I thought it'd be cool to put together a thread for beginners who just love taking pictures. Not necessarily business purposes, but maybe you got a nicer camera to take pictures of family and have a fun hobby! I am NOT A PRO, I'm a beginner too. Wanted to share some resources I've come across or that has been recommended to me.
If you have any helpful advice, need advice, or want to share your pics feel free!
Not sure where to start? Want to take the camera off Auto? Well then, here's a bunch of resources to learn about your camera!
* Great blogs
*Basic terms glossary*
The setting that controls how much
light comes through to the camera. Aperture is measured in "f/stops". The smaller the number, the more light is let in. A smaller f number will also help you create that "blurred background" or depth of field. A lower f number is only suitable for photographing a single object or person. If you try to photograph two or more people at lets say, f 1.8, only 1 person will be in focus. You will have to raise your f number to keep to the people sharp and in focus.
"The Sunny 16"
This is a great little "tool" to remember when you're shooting in a very bright outdoor situation (which you'd want to avoid at all costs, but sometimes just can't)
Simply, the Sunny 16 rule is, in order to creat a properly exposed photo, set your camera's Aperture to f/16. Then, whatever your ISO setting(explained below) is, set your shutter speed for 1/[ISO]. So if your ISO is set at 200, your camera's settings would show: f/16, shutter speed 1/200, and ISO 200.
ISO is the camera's sensitivity
to light. It started in film photography, where you would buy higher or lower ISO film in accordance to what you would be shooting. In digital SLR cameras, all you have to do is raise your ISO setting.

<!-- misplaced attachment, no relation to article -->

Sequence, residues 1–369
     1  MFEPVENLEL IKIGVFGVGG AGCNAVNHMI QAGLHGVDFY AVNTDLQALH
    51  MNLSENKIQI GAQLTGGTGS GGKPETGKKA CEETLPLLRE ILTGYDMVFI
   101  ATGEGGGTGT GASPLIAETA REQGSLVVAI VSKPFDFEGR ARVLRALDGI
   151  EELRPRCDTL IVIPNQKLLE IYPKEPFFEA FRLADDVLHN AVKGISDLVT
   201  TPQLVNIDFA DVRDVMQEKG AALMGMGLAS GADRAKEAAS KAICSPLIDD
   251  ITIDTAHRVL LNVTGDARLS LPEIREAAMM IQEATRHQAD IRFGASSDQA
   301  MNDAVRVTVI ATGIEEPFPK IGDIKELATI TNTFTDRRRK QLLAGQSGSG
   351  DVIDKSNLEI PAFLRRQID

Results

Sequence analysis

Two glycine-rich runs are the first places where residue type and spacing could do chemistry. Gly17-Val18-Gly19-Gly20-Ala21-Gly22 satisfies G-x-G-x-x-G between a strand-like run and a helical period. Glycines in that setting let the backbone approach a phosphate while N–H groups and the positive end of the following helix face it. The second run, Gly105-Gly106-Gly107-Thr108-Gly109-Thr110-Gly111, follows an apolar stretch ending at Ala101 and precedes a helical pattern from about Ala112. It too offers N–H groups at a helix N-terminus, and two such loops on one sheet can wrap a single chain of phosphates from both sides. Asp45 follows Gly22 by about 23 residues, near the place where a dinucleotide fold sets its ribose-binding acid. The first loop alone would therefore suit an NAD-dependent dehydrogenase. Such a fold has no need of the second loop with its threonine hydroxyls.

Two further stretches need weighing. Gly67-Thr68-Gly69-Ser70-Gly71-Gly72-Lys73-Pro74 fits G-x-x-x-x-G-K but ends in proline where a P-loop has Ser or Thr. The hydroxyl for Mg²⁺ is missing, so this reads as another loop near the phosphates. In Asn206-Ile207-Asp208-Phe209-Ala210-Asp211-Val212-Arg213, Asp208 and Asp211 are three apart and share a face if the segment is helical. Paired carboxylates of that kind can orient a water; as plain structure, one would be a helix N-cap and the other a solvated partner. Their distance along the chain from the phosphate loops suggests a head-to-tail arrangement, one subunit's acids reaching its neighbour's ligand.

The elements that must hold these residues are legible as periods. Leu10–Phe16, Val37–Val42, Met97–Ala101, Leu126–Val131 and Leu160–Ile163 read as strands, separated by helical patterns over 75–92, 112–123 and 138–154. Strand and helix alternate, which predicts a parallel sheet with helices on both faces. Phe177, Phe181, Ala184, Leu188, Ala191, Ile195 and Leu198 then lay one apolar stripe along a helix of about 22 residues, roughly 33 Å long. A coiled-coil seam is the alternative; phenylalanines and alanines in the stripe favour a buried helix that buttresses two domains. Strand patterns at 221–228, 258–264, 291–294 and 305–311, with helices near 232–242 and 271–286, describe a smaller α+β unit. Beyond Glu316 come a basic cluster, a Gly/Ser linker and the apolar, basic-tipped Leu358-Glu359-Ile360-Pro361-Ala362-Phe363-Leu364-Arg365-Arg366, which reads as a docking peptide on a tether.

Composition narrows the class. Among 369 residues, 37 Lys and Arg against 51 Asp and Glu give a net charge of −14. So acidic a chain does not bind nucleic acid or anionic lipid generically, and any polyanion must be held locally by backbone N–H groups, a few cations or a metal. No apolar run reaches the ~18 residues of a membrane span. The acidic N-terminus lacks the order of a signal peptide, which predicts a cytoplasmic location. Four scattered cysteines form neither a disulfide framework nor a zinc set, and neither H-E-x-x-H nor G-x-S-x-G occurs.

When shooting outdoors in optimal light, you'd like to keep your ISO as low as possibly. When shooting indoors in lower light, raise your ISO. Remember, that raising your ISO can create noise in your images, so make sure to adjust your shutter speed and aperture accordingly
As seen in the last row, if you have a photo editing program called Light Room, you can run noise reduction on a grainy photo, and make it a little more presentable. Be careful with this though, because if used too much, it can make your photos look "soft" and fake.
Shutter speed is the speed that your cameras shutter opens and closes. The higher the fraction, the faster your shutter clicks. So 1/800 of a second shutter speed, is going to click faster than 1/125. Now, the faster your shutter speed, the LESS light is coming into your camera. Use a fast shutter speed in a well lit situation, in order to "freeze" motion, like at a sporting event.
If you want to "capture" motion, or let more light in, set your camera for a lower shutter speed. You can even set your camera's shutter to stay open for several seconds, to really capture the motion of someone walking, running, etc.
If you have any favorite blogs, videos, or learning resources please let me know and I will add to the OP!